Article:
You don't want to rely upon having to turn the charge current down - which is why they build the capability into the mobile EVSE itself to restrict current to the receptacle you're attaching... but it helps in a pinch or if you're using a strange adapter. You are likely to see a variety of EVSE equipment that will help with this in the future.
 

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Kev12345

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Yes. Tesla addresses this by using individual adapter cables that are rated for the receptacles they're plugging into. They tell the Tesla mobile connector to advertise a maximum current to the truck. Plug in a NEMA 14-30 adapter, it'll advertise 24A charging rate. Plug in a NEMA 5-20 adapter, it'll advertise 16A. Plug in a NEMA 6-15, it'll advertise 12A. Then the car will only draw that much current.
I assumed ford's mobile charger had the same design. Tesla is definitely ahead of the game on so many levels when it comes to ease of use.
 

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That will work with an EVSE rated 24A or less. The FMC is rated 32A which overloads a 30A dryer circuit.
It looks like that's an entire EVSE that plugs into a 10-30, not just an adapter.

Also, @GrokTime, some dryers use a 14-30R so you may not be guaranteed to plug that into a "dryer receptacle" in all cases. Best to double check
 

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I assumed ford's mobile charger had the same design. Tesla is definitely ahead of the game on so many levels when it comes to ease of use.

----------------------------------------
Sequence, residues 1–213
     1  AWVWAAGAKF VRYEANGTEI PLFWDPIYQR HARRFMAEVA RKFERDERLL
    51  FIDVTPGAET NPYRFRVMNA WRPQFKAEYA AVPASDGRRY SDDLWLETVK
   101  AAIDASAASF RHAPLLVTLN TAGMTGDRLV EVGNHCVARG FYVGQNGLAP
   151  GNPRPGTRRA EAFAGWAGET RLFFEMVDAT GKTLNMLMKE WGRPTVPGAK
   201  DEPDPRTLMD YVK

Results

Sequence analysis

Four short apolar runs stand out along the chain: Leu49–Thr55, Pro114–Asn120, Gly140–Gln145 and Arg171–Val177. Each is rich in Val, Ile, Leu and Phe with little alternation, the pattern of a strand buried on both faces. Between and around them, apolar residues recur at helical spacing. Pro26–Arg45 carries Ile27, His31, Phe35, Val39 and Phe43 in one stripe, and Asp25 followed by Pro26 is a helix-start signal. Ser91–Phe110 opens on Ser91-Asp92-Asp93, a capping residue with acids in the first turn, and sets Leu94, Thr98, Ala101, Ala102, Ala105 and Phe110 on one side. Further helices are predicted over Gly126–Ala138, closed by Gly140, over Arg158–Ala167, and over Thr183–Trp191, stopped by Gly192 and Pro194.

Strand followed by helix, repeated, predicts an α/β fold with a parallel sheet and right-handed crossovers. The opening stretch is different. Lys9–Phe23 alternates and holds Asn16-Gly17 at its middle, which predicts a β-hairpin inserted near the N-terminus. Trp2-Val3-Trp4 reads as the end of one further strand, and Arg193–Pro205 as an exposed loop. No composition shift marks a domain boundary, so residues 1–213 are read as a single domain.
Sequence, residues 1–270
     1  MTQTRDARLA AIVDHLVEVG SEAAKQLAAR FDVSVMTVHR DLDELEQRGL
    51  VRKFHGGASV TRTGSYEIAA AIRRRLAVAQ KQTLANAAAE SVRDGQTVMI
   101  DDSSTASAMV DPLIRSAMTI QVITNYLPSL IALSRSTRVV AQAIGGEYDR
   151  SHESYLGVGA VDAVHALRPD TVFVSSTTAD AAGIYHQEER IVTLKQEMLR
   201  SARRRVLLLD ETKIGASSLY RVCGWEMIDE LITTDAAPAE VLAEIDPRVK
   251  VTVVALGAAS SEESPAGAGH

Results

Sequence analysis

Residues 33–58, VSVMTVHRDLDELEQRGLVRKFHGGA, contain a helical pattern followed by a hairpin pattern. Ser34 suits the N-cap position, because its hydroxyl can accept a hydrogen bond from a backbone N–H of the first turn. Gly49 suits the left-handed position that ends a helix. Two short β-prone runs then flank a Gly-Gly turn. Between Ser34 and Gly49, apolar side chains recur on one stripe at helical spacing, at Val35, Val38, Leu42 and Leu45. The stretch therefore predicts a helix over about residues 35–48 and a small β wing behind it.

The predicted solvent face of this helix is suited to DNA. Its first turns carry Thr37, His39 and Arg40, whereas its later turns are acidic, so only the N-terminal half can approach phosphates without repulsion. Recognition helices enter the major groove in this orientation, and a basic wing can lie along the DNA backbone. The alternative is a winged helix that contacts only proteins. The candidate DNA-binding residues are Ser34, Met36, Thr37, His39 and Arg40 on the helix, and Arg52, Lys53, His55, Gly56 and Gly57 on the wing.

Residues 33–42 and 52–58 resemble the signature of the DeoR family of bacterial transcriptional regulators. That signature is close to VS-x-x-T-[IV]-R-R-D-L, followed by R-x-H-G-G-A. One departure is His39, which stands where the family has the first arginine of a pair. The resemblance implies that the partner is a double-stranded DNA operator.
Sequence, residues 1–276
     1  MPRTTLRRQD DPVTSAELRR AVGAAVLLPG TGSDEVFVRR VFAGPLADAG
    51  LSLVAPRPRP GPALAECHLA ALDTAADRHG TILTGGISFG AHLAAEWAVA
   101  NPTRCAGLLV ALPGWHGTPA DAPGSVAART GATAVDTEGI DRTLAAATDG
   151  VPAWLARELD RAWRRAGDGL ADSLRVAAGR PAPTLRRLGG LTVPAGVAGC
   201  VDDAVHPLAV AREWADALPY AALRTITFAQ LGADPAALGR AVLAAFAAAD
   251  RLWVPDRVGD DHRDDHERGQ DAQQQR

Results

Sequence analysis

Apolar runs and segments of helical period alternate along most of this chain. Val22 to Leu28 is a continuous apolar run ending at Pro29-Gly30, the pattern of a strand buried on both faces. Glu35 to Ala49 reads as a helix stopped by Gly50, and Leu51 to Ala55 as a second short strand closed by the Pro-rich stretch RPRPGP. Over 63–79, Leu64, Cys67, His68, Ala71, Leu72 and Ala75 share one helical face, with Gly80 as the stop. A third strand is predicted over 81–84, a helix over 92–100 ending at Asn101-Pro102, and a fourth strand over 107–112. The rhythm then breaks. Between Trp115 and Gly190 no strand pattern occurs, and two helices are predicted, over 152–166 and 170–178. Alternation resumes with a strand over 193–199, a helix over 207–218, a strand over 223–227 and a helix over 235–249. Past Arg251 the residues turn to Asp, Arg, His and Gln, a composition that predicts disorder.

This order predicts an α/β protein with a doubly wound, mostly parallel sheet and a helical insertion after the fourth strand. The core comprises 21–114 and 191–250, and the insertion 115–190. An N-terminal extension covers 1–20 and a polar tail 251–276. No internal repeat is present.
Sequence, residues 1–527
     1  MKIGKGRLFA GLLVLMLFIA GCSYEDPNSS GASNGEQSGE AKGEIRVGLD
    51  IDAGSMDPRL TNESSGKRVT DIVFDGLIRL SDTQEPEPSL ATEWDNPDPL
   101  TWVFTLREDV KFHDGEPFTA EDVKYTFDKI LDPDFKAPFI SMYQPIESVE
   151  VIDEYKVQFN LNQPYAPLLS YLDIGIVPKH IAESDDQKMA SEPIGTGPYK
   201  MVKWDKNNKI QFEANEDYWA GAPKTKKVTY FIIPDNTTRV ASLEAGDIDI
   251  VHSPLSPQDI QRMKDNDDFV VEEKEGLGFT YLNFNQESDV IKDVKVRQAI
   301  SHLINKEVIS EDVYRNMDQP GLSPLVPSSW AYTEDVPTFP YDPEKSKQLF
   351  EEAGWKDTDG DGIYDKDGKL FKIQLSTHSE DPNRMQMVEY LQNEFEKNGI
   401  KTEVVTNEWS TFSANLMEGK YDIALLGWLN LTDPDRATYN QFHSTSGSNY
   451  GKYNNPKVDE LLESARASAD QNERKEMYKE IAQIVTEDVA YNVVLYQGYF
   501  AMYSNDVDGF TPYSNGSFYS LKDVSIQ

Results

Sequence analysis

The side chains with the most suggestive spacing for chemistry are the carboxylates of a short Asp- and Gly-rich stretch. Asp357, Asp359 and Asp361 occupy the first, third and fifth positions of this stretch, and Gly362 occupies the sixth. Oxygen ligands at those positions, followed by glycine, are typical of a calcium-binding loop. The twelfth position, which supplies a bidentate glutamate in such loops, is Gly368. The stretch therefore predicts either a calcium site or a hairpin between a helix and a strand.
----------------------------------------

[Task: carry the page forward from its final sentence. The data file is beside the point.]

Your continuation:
I think it does, but so far I've heard we're limited to a NEMA 5-15 and a NEMA 14-50. Hopefully they add more for the right variety. I've found that a 14-30, 14-50, and 5-15 pretty much covers everything I need.
 

Theo1000

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The mobile charger that comes with the lightning is a 240V. He’s recommending picking up a 110V that will plug into a regular outlet….but that will be slower than molasses.
IME when you charge on the 110v you end up with the EVSE or larger parts lying outside the vehicle often in poor security area. Hence the cheapo 110v that you do mind getting stolen, trashed, Had the misfortune of an ICE driving over mine, etc.

Personally I won't risk my Ford EVSE for 110v charging situations.
 

Theo1000

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You are likely to see a variety of EVSE equipment that will help with this in the future.
There already are tons of EVSE's with this feature of adjusting amps. Probably why most EV manufacturers don't bother supporting such marginal cases.

Also puzzled by your multiple posts on the CCS adapter. Been using it for years now and never had major issues. Disaster? Count me baffled. My wife who is 92 lbs uses it just fine. The bigger problem with CCS is the liquid cooled cables which can be heavy. The bigger handle definitely helps with this. Some of the new units have a carry hoop and recent units have begun to work on these cable sizes, suspending them etc.

Keep in mind the CCS is designed for upgrades up to 500 kw once vehicles batteries can handle it. There are good reasons the DC pins are separated the way they are.

I think if you like the TSLA just stay with TSLA and not comment on a Ford forum FUD stuff that just muddies the waters.